Races and competitions
Another factor that differentiates hobby-grade RC cars from toy grades is that they can be used for competitive races.
Toy-grade cars don’t have the speed levels and endurance power like hobby-grade RC cars.
So, they can’t perform well on rugged terrains and in different weather conditions, nor do they have the speed levels that a racing competition demands.
Hobby Grade RC Cars Have High Speeds
The speeds that hobby-grade RC cars can reach are far from the speeds that toy-grade cars reach.
A hobby-grade RC car can travel at speeds of up to 70 mph, and some can even go as fast as 100mph. No toy-grade car can reach or even handle that kind of speed.
RC cars Are a hobby
RC cars are a great hobby that requires no prior qualification or skills. Apart from this, it is a hobby that suits not just children but everybody with different RC vehicles to cater to users’ preferences.
One of the best aspects that makes RC cars a great hobby is that there is something for everyone to enjoy. Whether you love the thrill of driving a crawler, drift car or monster truck, you’re pretty much covered from all angles.
Plus, driving a remote-controlled car may be one of the most fun things you can do. If you love racing the trails, you can bring an RC Jeep along with you to run the trails. Not to mention that RC cars work exceptionally for bashing.
What is the average age of hobby-grade RC cars users
Compared to toy-grade models primarily built for children, one of the best reasons hobby-grade RC cars are not toy cars is the fact that no matter our age or maturity level, you can form a hobby with RC cars and stick with it forever.
The variety of vehicles available makes the hobby inviting to many enthusiasts.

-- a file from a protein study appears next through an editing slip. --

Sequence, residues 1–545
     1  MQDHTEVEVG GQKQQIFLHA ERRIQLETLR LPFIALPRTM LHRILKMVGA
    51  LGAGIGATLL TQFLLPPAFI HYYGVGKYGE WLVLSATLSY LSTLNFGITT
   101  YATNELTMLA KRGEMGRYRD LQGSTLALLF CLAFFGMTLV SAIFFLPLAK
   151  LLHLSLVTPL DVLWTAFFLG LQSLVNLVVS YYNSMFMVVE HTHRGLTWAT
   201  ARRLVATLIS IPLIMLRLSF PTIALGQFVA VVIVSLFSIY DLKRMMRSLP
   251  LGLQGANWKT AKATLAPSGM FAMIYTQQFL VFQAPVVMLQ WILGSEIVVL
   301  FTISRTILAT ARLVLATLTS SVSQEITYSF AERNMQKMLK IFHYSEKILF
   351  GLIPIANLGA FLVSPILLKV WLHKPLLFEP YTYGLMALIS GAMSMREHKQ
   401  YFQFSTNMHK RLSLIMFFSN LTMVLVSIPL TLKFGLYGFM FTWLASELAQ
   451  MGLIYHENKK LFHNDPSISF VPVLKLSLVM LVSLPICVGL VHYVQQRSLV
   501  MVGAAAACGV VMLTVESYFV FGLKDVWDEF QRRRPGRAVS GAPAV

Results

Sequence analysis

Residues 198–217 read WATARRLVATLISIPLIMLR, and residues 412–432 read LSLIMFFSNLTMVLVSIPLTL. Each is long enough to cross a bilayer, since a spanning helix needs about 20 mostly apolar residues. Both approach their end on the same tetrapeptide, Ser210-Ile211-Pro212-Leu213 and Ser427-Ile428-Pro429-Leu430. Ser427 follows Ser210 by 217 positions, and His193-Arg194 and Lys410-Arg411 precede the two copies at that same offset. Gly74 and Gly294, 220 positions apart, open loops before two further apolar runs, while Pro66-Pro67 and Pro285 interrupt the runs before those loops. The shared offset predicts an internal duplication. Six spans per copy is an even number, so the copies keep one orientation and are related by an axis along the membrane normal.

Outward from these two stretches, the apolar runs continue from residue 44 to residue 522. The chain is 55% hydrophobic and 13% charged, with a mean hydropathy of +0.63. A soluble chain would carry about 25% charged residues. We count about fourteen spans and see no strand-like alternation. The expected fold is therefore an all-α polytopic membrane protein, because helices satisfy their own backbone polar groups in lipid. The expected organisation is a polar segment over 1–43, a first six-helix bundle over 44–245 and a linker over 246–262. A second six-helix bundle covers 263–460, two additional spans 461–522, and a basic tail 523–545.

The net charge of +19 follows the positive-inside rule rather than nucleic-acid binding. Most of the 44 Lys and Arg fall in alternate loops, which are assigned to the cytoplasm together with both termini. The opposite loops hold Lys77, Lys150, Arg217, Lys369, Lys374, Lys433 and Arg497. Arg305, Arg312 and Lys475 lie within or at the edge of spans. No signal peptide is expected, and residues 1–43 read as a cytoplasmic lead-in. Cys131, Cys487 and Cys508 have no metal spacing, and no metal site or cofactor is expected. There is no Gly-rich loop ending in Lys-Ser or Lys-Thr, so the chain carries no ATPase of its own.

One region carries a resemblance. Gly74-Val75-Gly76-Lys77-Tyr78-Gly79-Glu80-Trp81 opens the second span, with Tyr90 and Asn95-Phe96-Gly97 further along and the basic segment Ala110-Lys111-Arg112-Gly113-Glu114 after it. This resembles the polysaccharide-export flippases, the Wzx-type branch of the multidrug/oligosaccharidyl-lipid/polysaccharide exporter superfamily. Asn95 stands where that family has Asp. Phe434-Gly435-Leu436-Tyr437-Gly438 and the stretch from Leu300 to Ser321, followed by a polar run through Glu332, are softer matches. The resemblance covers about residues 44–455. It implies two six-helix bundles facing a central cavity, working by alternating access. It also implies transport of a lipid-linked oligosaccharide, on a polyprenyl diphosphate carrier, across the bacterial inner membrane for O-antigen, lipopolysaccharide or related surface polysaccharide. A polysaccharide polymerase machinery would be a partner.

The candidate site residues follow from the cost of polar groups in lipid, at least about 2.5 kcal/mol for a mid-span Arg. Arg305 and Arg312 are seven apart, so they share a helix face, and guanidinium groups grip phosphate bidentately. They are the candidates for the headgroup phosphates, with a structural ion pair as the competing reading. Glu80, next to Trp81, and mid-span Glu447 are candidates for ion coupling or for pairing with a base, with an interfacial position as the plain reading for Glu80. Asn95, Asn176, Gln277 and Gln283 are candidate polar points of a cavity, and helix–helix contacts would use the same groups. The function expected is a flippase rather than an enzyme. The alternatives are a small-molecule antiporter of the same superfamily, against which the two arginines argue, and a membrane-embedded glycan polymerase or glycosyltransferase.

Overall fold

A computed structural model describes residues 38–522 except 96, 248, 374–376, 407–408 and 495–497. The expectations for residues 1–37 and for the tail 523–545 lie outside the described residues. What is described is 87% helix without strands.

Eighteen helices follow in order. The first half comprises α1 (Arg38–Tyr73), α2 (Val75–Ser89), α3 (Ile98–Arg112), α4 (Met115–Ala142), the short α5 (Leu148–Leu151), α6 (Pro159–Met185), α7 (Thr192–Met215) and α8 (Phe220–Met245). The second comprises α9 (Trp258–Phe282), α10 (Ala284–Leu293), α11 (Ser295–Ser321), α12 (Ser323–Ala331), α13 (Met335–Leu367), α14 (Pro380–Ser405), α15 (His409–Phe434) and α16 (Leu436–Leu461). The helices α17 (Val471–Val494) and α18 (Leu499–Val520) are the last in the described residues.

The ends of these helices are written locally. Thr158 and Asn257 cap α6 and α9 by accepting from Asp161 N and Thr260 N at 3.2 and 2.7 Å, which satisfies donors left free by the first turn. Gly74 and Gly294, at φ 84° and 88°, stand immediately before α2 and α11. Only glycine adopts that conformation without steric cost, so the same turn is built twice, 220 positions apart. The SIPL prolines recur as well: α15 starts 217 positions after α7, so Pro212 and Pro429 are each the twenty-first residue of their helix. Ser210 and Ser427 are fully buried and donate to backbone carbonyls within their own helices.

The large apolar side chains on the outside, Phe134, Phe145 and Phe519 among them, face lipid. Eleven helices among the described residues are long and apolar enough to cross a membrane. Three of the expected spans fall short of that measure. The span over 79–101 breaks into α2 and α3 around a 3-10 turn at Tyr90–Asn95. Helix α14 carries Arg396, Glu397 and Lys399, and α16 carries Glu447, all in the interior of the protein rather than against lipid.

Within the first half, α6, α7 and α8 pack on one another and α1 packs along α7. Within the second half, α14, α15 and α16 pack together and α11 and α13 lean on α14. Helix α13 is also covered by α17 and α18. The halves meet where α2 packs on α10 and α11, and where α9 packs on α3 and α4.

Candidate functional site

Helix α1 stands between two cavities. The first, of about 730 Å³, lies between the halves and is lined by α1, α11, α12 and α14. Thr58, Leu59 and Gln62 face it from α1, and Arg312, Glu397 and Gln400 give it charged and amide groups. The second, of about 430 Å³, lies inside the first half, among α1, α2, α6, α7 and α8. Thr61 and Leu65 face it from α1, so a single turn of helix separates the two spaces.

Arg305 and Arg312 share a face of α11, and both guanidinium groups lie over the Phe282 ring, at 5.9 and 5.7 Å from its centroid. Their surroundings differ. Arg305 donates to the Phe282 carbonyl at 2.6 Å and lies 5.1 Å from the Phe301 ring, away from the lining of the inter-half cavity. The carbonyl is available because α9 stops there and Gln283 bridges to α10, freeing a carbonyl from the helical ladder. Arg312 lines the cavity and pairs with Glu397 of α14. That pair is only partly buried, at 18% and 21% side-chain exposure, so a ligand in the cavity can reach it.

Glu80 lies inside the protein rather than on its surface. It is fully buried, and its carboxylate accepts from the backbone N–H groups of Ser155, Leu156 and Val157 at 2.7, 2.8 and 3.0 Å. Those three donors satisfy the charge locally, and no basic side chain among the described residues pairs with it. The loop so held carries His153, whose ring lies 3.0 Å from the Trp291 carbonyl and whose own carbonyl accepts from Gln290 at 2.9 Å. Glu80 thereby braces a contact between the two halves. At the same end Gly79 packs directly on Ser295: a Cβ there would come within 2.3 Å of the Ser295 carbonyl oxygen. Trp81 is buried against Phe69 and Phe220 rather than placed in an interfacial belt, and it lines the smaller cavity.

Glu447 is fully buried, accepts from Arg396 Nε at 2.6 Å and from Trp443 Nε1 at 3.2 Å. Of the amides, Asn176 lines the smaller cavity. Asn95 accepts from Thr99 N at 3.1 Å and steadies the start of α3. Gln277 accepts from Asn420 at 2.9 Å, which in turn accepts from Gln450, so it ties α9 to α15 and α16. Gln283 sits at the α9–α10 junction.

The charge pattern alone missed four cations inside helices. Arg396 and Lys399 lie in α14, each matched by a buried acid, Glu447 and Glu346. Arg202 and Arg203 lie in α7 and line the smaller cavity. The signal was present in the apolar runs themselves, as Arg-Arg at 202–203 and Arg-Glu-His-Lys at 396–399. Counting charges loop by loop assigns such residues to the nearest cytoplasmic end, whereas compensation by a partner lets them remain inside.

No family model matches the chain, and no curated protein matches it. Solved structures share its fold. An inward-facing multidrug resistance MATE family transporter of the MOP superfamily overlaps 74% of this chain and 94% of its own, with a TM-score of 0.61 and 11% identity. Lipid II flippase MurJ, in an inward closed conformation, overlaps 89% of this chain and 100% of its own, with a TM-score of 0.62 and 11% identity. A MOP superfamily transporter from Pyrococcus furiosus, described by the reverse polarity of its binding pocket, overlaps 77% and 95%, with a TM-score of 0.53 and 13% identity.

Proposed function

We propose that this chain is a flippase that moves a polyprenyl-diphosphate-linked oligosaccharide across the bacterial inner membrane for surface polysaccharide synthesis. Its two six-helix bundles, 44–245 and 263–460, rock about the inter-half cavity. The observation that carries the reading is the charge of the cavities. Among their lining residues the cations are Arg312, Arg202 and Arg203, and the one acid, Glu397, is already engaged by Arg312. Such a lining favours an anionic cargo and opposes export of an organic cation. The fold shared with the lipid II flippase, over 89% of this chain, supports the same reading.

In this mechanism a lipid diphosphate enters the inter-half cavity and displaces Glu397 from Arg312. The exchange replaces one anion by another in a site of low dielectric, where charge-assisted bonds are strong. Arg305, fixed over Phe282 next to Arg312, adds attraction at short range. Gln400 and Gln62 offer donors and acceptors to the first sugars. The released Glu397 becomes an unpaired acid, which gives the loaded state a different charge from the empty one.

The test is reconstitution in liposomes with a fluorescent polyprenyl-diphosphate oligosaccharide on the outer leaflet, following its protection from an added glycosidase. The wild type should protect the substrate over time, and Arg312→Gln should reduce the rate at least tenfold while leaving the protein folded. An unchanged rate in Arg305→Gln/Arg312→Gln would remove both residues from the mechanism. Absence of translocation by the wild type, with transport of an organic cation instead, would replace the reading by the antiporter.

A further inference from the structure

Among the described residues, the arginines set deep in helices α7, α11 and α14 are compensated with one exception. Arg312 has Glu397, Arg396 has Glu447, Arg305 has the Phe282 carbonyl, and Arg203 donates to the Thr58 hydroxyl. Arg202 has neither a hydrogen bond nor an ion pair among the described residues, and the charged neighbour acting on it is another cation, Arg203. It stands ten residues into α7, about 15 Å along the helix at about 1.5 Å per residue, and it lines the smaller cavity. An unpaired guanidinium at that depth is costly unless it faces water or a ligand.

Hence, remote-controlled cars can be used at almost any age, with cars specially designed for kids and adults.
Why don’t we like it when people call them toys
As die-hard RC car fans, it can be infuriating when someone calls your RC car a toy car.
Generally, toys are objects used for having fun or playing; and they could be a plushy, a miniature toy car, a cheap RC car, and even a regular sports car. Does this define hobby-grade RC cars? No.
Toys aren’t meant to last a very long time or be used constantly. They aren’t engineered for rugged terrains, and even their build isn’t as rugged as something meant to last with the constant bashing.
So, when people classify toys and the real RC stuff, they do so without the facts to back up their claims which can be aggravating.
Hobby-grade RC cars are rugged, expensive, and repairable if something happens to them. Plus, it took a lot more effort, time, and money to make than toys you get from Walmart, e-bay, or amazon.
Hobby-grade RC vehicles are more capable, faster, and potentially more dangerous since they are designed for menacing speed levels.
What are the differences between hobby-grade and toy-grade cars
While hobby-grade RC cars and toy-grade cars may have a similar build, several factors differentiate these two types. Some of these factors include: